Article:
(image: Huffington Post/AP)

(image: Huffington Post/AP)

Frankly, I’d worry if he said he was 100% certain. (Good on him for admitting it.)

There are two aspects of this job that I think are relevant to this discussion. One is that if the problem has a clear solution, then it doesn’t land on my desk. Somebody else has solved it.
So the only things I’m deciding on are things that are tough.

And the second and related point is that because these are tough questions, you are always dealing to some degree with probabilities. You’re never 100 percent certain that the course of action you’re choosing is going to work. What you can have confidence in is that the probability of it working is higher than the other options available to you. But that still leaves some uncertainty, which I think can be stressful, and that’s part of the reason why it’s so important to be willing to constantly re-evaluate decisions based on new information.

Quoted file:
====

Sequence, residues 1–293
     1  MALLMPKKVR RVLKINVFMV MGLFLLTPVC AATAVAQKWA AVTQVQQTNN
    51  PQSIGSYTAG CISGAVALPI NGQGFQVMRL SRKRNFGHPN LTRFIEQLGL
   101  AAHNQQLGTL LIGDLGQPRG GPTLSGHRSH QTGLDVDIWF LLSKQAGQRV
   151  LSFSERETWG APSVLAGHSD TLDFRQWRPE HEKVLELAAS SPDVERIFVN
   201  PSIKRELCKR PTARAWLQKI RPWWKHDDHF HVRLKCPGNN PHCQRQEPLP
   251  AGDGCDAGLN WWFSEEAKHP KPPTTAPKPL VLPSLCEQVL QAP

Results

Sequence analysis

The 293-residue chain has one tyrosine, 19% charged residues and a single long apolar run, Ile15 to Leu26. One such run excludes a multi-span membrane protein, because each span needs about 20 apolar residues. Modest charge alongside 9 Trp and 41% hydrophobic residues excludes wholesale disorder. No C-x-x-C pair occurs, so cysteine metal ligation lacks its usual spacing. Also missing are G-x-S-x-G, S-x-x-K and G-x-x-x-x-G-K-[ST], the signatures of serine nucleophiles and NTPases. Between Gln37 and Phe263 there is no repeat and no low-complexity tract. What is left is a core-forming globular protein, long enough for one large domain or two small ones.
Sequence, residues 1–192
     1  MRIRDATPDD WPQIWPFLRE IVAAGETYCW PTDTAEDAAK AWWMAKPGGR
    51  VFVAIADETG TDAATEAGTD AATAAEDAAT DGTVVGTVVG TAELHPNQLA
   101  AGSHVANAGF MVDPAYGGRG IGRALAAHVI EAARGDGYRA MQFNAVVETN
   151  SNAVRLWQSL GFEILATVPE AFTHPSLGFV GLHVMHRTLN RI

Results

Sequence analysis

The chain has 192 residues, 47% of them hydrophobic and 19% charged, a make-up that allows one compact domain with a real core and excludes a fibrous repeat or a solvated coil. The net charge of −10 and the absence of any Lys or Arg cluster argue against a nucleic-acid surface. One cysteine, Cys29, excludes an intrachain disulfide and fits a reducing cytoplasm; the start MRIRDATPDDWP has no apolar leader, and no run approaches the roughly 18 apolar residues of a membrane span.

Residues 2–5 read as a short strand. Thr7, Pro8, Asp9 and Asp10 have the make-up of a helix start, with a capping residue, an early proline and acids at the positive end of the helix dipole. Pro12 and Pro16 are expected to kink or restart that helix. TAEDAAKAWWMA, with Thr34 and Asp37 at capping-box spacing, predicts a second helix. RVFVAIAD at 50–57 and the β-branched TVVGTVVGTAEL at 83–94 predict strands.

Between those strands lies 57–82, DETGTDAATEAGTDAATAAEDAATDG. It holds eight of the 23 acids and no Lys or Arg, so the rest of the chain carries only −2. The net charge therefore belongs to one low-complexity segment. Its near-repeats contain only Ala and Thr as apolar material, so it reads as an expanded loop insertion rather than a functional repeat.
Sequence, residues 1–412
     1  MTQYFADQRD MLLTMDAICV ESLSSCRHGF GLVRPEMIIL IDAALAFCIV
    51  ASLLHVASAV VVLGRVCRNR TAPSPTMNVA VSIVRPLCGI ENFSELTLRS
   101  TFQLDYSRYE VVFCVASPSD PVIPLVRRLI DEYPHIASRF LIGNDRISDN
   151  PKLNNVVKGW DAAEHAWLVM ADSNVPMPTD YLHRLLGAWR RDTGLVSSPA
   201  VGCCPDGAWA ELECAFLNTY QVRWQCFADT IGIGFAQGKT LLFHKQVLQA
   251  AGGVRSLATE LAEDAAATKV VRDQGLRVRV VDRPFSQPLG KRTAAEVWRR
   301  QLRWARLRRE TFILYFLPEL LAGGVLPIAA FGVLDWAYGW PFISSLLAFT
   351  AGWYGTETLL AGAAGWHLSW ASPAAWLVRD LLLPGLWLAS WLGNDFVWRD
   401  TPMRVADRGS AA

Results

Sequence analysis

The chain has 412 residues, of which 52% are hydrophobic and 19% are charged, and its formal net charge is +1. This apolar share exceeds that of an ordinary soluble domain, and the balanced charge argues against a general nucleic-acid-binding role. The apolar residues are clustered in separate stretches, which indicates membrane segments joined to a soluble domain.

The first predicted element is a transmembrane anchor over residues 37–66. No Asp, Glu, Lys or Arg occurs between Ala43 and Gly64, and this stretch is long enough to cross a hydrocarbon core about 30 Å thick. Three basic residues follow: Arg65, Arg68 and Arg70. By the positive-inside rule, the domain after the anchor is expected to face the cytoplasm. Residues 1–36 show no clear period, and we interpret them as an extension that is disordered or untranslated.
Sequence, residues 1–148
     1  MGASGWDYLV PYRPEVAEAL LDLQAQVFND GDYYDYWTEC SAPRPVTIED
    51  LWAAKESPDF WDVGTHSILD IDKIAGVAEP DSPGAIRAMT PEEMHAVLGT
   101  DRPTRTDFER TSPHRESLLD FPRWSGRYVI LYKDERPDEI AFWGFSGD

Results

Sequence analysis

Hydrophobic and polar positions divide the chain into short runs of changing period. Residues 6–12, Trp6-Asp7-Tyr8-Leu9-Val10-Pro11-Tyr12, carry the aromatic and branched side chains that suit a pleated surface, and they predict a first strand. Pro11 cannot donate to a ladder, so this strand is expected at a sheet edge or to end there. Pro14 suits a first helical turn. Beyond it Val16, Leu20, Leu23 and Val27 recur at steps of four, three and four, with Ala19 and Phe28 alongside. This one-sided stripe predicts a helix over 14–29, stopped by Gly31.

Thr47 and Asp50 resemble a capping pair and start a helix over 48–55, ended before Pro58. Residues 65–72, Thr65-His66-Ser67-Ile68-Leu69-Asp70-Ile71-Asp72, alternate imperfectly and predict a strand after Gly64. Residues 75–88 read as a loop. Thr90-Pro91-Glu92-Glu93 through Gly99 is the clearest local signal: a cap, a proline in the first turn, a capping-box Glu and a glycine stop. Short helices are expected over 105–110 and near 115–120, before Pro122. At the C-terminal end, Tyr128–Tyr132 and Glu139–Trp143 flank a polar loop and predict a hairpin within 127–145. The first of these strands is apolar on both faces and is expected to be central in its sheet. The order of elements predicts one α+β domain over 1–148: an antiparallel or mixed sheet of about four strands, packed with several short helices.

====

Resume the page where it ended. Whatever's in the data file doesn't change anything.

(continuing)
Yeah. That’s how it is, y’all.

Similarly, John Maynard Keynes said it this way when accused of inconsistency:

When the facts change, I change my mind.
What do you do, sir?

For my own part, as strongly as I express some opinions, I am open to being shown/persuaded I’m mistaken or have missed some important aspect — to re-evaluate. At least I try to stay open. (I’m not, however, ahem comparing myself to Obama.)

Full story: Exclusive Interview: Obama ‘Never 100 Percent Certain’
It’s a little starstruck in tone, but I found it interesting.

A certain awkwardness marks the use of borrowed thoughts;
but as soon as we have learned what to do with them, they become our own.
— Ralph Waldo Emerson

Your thoughts, anyone? – P